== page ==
Water is the physical mechanism by which plants take up nutrients. Water is the mechanism through which nutrients are extracted from the soil and relocated to where the plant needs it most – roots, stalk, leaf, flower, and seed. Once present, water becomes the way in which roots can extend to access more moisture and additional nutrients found deeper in the soil. It is a balancing act of right moisture conditions resulting in optimum growth, deeper roots, more moisture – and the cycle continues. Considering the importance of water and the increase in short- and medium-term droughts in agriculture – what can growers do to manage effectively for soil moisture variability? Better understand your soil moisture variability across your field and through the season.
Soil Moisture Definitions
Volumetric moisture content, available water, plant available water, soil texture, permanent wilting point, temporary wilting point as well as a host of units mm, mm/m, %, mm/unit depth etc. are all terms that can become quite overwhelming.
In the development of SWAT WATER, a product of SWAT MAPS, the objective has been to provide three relatively simply datasets for users to interpret and drive management decisions e.g., how can my variable rate fertilizer application be adjusted to account for soil moisture variability. Volumetric Moisture Content (VMC), Plant Available Water (PAW) and Days until Wilting Point were developed to provide SWAT WATER users with an indication of when and where a crop is going to show moisture related stress.
Volumetric Moisture Content (VMC)
The Manitoba Department of Agriculture uses a fantastic “gas tank” analogy to describe soil moisture. In simple terms how much fuel is stored in your gas tank right now, is a very simple way to understand soil moisture.
In simple terms volumetric moisture content (VMC) is the level of your gas tank right now. This could be any one of the levels described above or somewhere in-between, which is normally the case.
Plant Available Water (PAW)
For agricultural crops, the volume of water that is of most importance is the moisture that the crop can access and use. Using the fuel tank analogy, if you were to put a sponge into your fuel tank, your car would only be able to use the fuel that is liquid. Once the tank is empty, any fuel absorbed by the sponge cannot be used by your car.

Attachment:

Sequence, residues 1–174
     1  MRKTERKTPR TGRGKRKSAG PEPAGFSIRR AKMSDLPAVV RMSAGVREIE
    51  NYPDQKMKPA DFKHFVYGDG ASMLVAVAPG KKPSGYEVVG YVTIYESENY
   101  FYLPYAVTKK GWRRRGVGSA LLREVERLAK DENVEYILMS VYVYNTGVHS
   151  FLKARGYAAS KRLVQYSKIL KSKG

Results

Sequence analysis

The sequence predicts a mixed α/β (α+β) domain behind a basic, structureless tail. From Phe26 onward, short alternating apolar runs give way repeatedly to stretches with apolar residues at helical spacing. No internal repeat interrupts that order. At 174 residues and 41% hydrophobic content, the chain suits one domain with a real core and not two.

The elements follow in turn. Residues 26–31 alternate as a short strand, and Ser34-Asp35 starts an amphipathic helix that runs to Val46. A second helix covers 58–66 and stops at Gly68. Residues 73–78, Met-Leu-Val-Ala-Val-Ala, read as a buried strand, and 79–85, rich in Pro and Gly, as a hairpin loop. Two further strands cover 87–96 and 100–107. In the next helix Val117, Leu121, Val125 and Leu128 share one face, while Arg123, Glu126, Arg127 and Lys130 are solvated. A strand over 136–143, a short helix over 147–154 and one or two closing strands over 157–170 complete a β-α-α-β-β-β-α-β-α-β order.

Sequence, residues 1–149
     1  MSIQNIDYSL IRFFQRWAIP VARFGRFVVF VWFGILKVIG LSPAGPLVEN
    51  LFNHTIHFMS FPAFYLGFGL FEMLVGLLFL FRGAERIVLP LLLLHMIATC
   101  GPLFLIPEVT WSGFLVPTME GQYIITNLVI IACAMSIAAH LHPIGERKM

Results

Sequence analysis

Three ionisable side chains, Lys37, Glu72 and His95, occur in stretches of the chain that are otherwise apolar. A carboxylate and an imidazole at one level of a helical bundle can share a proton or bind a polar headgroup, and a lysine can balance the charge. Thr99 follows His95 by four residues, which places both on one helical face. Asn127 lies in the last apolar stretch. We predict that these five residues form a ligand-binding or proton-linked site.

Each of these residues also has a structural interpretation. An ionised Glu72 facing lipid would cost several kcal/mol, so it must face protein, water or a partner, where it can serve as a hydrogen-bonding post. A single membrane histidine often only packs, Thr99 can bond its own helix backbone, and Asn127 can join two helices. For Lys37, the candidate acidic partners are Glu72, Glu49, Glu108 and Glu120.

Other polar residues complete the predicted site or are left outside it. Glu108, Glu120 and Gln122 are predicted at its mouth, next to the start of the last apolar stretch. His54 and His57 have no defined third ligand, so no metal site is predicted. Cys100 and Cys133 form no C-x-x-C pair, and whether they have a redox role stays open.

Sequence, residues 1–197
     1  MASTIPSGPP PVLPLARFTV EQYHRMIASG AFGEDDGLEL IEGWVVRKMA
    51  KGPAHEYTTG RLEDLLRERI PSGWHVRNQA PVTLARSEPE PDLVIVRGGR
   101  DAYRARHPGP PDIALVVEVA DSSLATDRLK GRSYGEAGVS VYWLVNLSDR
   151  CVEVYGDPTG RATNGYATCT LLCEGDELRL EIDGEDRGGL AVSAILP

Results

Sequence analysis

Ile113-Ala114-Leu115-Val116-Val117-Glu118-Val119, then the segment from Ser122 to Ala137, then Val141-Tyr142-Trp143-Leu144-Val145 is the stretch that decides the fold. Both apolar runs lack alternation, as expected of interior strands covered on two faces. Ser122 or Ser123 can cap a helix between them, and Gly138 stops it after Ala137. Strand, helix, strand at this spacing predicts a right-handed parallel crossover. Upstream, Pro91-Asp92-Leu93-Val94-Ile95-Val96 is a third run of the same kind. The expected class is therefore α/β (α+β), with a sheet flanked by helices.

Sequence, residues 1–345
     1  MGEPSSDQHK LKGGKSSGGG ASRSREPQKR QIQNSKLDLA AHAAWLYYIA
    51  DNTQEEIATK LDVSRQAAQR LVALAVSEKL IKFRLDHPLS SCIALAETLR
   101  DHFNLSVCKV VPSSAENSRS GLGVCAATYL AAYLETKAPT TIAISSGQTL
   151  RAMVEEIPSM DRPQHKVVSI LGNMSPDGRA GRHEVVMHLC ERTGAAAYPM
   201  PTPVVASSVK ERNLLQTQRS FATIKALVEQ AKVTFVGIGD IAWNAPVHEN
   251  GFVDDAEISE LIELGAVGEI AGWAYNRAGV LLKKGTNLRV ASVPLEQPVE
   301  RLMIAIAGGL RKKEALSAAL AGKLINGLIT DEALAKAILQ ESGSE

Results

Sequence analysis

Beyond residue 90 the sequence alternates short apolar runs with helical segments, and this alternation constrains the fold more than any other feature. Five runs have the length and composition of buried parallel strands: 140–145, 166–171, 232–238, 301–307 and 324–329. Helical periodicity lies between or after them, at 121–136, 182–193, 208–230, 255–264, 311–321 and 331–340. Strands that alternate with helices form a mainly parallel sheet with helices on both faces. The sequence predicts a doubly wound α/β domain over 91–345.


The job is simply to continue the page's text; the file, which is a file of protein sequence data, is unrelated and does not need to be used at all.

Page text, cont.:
Plant Available Water, in simple terms, is the total volume of fuel in your cars tank less the amount that your car cannot access in the sponge. If you were to squeeze the sponge in your fuel tank – there would be a certain amount of fuel that would come out. In soils this point is described as the Permanent Wilting Point (PWP) i.e., there is fuel/water but because it is held under pressure by the sponge(soil) your car (crop) cannot access it. This amount of fuel/water needs to be ignored and cannot be used.
Volumetric Moisture Content (VMC) includes the amount of fuel/water held in the sponge/soil; Plant Available Water (PAW) excludes the water that the crop cannot access. As you can see – the most important dataset for crop production is Plant Available Water (PAW) as this is the moisture that drives yield or productivity.
Soil Variability (Texture)
Using the gas tank analogy, soil variability affects how large the tank is, and how many sponges are in it. In simple terms, although the fuel tanks may hold the same amount of fuel, there will be more fuel withheld by the tank with five sponges then the tank with one sponge. Ultimately your soils sand, silt and clay percentage behave much like a sponge does in your fuel tank.
Sand – A high sand percentage is like having a small fuel tank but no sponges in the tank. In other words when the tank is empty there is no or very little fuel/water withheld.
Clay – A high clay percentage is like having a large fuel tank with lots of sponges in the tank. Although we all know there is fuel in the tank, because of the number of sponges there will always be a fair amount of fuel in the tank that your car/crop cannot access.
The illustration above shows how different sand silt and clay percentages affect how much water is freely available to your crop. As you can see clay soils tend to hold a large amount of water but much of this water is held in the sponge/soil and cannot be accessed by the crop. At the other end of the soil spectrum, sandy soils hold very little water even when they are overflowing or saturated. A soils sand, silt, and clay percentage acts much like a sponge or several sponges in your cars fuel tank.